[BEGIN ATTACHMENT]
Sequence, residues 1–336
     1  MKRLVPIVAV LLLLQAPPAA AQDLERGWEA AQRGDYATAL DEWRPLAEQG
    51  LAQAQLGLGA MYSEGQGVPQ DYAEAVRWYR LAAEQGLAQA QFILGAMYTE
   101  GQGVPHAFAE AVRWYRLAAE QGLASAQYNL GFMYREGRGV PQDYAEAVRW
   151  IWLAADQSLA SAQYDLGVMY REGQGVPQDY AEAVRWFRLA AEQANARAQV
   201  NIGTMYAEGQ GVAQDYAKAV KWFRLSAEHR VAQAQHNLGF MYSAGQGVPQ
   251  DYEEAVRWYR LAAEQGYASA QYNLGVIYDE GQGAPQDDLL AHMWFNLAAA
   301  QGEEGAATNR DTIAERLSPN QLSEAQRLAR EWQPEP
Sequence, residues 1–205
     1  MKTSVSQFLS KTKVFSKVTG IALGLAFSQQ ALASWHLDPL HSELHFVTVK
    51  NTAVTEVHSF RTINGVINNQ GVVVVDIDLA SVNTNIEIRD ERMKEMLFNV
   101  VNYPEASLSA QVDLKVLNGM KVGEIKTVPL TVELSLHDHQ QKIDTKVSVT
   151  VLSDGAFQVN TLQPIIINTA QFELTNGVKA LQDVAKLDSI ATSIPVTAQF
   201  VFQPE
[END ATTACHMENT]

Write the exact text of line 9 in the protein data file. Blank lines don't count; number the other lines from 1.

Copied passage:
Sequence, residues 1–205